Today I spent a fascinating afternoon at the Beverly Heritage Days celebration to experience the “Centuries of History” as presented by the Beverly Heritage Center. I spent several hours this afternoon visiting with re-enactors that represent people from as early as the mid-18th century clear up to World War II, listening to stories about their times and why they choose to re-enact.
My first stop was at the Subscription School where I spoke with Annie Fleming who is spending her first summer with the Beverly Heritage Center. She provided a brief overview of the festivities of the weekend, stating the periods represented covered from 1750-1950 and how history affected the lives of the citizens of Beverly in these time periods.
She described the building as having been originally located between Dailey and Mill Creek, and it was called a “Subscription School” due to the fact that students paid to attend and this payment funded the upkeep of the school while also providing the salary of the teacher. When students were unable to pay to attend the school would simply close.
My next stop was at the pioneer camp where I spoke to Joan Pitts, a Beverly resident who has been re-enacting the 18th century for approximately thirty years. She spoke to me about cooking techniques and described some of the food she was preparing in the style of the time. This food included chicken on a string, stuffed chicken that is suspended on a string above a fire and twisted every so often. She said that it was essentially an early rotisserie.
Joan went on to describe the food pictured above, apricot pudding in a crust, which was cooked in an early form of an oven that involved the cast iron pot being covered in hot coals to bake the pudding. She noted that many of the recipes during this time have been interpreted as the original meaning behind some of the instructions has been lost, including what it meant to bruise an apricot.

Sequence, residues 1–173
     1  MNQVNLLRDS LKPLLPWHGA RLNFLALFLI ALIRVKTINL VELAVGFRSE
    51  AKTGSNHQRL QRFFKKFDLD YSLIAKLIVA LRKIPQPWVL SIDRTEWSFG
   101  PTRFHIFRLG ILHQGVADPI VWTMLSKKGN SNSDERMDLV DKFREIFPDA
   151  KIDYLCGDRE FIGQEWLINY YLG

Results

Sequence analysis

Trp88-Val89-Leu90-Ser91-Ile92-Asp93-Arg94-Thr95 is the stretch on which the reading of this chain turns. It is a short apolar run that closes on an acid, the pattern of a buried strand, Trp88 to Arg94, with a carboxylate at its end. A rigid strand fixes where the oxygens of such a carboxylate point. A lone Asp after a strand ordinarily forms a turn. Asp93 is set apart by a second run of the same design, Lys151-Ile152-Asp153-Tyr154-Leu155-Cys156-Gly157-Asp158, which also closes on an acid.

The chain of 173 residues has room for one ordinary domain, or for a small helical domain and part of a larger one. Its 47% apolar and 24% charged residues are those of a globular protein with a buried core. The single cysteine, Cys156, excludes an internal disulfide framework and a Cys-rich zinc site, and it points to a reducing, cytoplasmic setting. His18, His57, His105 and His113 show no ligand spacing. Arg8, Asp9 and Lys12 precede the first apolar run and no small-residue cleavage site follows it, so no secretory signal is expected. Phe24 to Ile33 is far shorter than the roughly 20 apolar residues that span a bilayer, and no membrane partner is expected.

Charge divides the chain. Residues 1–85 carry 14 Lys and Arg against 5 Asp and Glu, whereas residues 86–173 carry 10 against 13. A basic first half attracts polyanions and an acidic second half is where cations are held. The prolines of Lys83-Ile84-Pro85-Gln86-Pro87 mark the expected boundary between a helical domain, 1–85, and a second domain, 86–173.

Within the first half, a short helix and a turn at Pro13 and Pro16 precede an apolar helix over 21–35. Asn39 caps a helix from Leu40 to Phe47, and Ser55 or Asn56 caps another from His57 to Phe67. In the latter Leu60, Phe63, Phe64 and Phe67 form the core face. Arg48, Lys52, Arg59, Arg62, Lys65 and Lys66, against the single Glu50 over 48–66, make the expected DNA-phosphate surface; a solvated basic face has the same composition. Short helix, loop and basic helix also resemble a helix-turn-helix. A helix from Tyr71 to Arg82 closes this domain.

After meeting Joan I ran into a revolutionary war soldier named David Ervin, a volunteer re-enactor at Pricketts Fort. He loves spending his time re-enacting because “people read history and don’t understand they were people just like us who dressed a little differently.”
My next stop was with Jack Hasselaar who was representing the French and Indian War. He introduced himself as living in 1758, and stated he doubts he will make it to 1759. As forty year re-enactor he loves telling local stories and spends a measurable amount of time preparing for an event so that he knows the area he will be in because he likes all his stories to be true.
After speaking with Jack I joined Joe Brooks at his tent. Joe has been re-enacting for approximately thirty years and depicts a trapper from the mid-18th century. He described the life of a typical trapper. Beaver pelts were the primary source of income as they bought the most returns, and once a year the trappers of the region would rendezvous at a predetermined location in order to sell their catches for the year and buy/trade for necessary goods. These included gunpowder, lead, knives, clothing, and cloth to trade with natives for pelts they had collected.
After this meeting, they would head back into the wilderness to continue trapping. Winters would be spent with friendly natives who taught the trappers and settlers alike how to survive without the conveniences found on the East Coast.
He ended our conversation by telling me that the pelts were typically sent to England to make beaver pelt top hats which is where the term “mad as a hatter” came from. Arsenic was used to cure the pelts in the felting process, and after spending day after day inhaling it many hatters went mad.
I next spoke to Bob Dickinson and Steve Hart who re-enact 1750-90. Hart has deep connection to the Beverly area, dating as far back as 1794 and is also a descendent of John Hart of New Jersey, a signer of the Declaration of Independence. At one point a series of gunshots were heard in the distance and Steve looked up for a moment before stating “there goes the Germans again.” He re-enacts because of his love for children and stated “if we don’t teach them our history they aren’t going to understand the present.”
After speaking with him I met Karl and Sue Mulac who have spent the past thirty years re-enacting and moved to the area approximately eight years ago from Chicago. They enjoy telling stories from the frontier and are immensely passionate about history and bringing it to people that share their love. Karl stated that it is important to know where this land came from and said “we (the people of Randolph County) have stayed together through trial and tribulation and hold strong together” and what initially drew them here was this sense of community.
In the same tent Louis Painted Pony said he loves living history and teaching it to children. Hewent on to say “If we don’t teach them (children) now, how are they going to learn our history, our real history?”